Dr Ang Yuchen (left), a post-doctoral researcher helming the new site, with Professor Rudolf Meier. — PHOTO: DIOS VINCOY JR FOR THE STRAITS TIMES
Online database captures S’pore’s rich biodiversity
Audrey Tan firstname.lastname@example.org
A NEW online database has been launched compiling research on how Singapore’s flora and fauna interact with each other.
Called Animals and Plants of Singapore, it is managed by Lee Kong Chian Natural History Museum and went live on the museum’s website this month.
Users can click on an animal and find links to information on the plants or animals it feeds on – though work on the site is ongoing and not all species have links in place yet.
The database provides a name and a photograph of each species. For further information, users must click on the links to external sources, such as pages created by the National University of Singapore‘s life sciences classes, or the museum’s Singapore Biodiversity Records – an online collection of “flora and fauna in Singapore, including sightings of uncommon or rare species”.
Professor Rudolf Meier, deputy head of the museum, said the goal is to understand how different species interact to sustain Singapore’s green spaces.
“Animals and Plants of Singapore will track these interdependencies by linking species pages of prey and predators, or plants and pollinators,” he said.
“If we had a dedicated person or team doing the research, it would be as time-consuming as writing an academic paper for each species. But by tapping already-published research and observations, the site can be updated more frequently.”
Prof Meier hopes the site will make it easier for people to appreciate Singapore’s diverse ecosystem and give them a reliable source of information.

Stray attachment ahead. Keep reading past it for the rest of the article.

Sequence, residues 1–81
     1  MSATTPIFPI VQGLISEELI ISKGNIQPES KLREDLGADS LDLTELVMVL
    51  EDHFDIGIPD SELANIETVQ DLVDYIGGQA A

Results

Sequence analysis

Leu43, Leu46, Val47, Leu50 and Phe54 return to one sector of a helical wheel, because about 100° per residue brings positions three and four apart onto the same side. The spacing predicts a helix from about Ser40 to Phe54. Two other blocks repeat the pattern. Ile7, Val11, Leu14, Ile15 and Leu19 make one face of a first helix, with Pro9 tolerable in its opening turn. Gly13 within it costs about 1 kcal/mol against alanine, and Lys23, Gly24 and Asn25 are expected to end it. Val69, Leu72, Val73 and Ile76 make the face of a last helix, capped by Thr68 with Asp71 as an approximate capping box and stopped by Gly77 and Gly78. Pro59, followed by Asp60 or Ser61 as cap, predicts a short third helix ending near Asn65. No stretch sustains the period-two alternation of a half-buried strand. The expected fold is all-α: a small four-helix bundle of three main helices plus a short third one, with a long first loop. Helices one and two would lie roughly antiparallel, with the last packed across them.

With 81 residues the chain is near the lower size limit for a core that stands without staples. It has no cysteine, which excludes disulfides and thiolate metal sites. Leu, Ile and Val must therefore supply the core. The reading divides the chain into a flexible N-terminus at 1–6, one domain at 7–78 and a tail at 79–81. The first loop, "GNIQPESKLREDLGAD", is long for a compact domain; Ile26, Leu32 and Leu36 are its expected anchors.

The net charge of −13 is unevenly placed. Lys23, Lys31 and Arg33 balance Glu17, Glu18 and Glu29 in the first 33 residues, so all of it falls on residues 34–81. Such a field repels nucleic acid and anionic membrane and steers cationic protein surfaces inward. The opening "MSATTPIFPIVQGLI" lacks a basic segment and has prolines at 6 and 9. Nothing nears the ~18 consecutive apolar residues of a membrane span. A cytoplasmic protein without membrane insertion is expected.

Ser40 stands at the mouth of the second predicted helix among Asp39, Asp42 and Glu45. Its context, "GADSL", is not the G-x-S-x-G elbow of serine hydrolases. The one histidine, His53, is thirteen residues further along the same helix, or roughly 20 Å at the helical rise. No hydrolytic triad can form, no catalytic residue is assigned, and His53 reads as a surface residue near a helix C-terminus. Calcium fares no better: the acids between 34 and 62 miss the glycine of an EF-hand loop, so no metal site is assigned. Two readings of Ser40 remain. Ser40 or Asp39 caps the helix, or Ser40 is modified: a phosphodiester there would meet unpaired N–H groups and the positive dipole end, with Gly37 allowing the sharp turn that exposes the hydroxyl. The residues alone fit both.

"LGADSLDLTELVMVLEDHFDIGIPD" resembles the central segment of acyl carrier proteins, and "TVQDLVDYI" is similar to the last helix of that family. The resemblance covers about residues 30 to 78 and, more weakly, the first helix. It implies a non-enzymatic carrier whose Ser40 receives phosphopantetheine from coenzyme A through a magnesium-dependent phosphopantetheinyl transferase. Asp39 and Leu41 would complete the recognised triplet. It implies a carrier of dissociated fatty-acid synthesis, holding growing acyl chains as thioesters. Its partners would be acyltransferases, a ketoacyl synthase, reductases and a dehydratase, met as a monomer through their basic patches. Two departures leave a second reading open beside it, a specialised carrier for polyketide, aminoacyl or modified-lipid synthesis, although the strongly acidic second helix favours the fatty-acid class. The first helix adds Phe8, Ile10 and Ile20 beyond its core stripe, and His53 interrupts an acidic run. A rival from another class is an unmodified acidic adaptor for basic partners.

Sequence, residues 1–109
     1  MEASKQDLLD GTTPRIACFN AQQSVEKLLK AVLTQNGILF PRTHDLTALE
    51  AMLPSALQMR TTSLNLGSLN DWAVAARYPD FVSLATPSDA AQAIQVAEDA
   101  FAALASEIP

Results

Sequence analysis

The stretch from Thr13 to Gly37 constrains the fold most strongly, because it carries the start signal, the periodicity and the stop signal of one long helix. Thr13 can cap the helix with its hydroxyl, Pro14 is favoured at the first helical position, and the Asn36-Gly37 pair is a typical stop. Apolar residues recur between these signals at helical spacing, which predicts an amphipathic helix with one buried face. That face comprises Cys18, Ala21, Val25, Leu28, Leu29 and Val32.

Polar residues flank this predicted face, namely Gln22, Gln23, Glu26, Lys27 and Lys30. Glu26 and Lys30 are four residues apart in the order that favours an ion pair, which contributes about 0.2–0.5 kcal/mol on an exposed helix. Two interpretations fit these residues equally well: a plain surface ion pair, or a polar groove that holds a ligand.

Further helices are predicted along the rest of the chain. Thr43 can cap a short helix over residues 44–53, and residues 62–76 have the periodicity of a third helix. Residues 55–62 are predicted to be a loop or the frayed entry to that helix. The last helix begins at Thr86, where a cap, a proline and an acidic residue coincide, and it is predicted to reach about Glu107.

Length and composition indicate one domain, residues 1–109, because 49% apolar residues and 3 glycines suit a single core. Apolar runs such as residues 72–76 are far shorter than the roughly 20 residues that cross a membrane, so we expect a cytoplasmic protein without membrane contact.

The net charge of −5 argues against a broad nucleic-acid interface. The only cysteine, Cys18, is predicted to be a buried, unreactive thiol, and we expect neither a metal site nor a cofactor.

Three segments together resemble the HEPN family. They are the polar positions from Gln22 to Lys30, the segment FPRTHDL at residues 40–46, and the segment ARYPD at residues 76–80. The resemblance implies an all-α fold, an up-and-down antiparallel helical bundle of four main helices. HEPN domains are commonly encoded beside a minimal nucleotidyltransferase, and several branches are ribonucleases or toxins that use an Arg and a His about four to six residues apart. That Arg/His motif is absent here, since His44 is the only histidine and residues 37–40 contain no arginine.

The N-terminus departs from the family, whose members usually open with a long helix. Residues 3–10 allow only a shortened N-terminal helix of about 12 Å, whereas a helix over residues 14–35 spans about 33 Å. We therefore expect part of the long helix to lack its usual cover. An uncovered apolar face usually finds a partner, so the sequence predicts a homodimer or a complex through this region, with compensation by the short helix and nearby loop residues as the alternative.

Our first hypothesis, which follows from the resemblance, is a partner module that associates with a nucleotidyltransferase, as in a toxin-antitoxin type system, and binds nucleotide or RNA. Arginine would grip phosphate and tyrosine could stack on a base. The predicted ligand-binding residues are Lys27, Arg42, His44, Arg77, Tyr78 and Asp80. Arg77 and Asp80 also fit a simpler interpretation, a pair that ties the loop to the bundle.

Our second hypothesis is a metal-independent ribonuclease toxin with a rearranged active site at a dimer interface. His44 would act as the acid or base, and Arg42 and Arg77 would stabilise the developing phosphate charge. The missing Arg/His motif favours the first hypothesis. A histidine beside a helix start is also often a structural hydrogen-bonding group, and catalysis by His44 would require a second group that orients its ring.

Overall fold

Data is cross-referenced with the museum’s stable of experts before being uploaded, and the site lists the names of the experts who identified the species.
The database now records more than 1,000 species of plants and animals, but Prof Meier hopes to more than double this figure by the end of the year. He estimates that there could be between 50,000 and 100,000 multicellular plant and animal species here.
Studies are under way to establish this, such as Singapore’s first comprehensive marine biodiversity survey, led by the National Parks Board (NParks). It began five years ago and is expected to be completed by May this year.
Dr Lena Chan, director of NParks’ National Biodiversity Centre, said: “Biodiversity databases are very important as they are historical records of plants and animals. These databases can be set up only if long-term monitoring surveys are carried out.”
She said the museum’s new database will complement NParks’ records, including its online Biodiversity and Environment Database System, which was started in 2011 and records 5,000 species of flora and 750 species of fauna.
“Together, we can generate greater awareness and appreciation of the rich biodiversity that we have,” she said.
Animals and Plants of Singapore, designed for desktop browsing, is at http://lkcnhm.nus.edu.sg/APS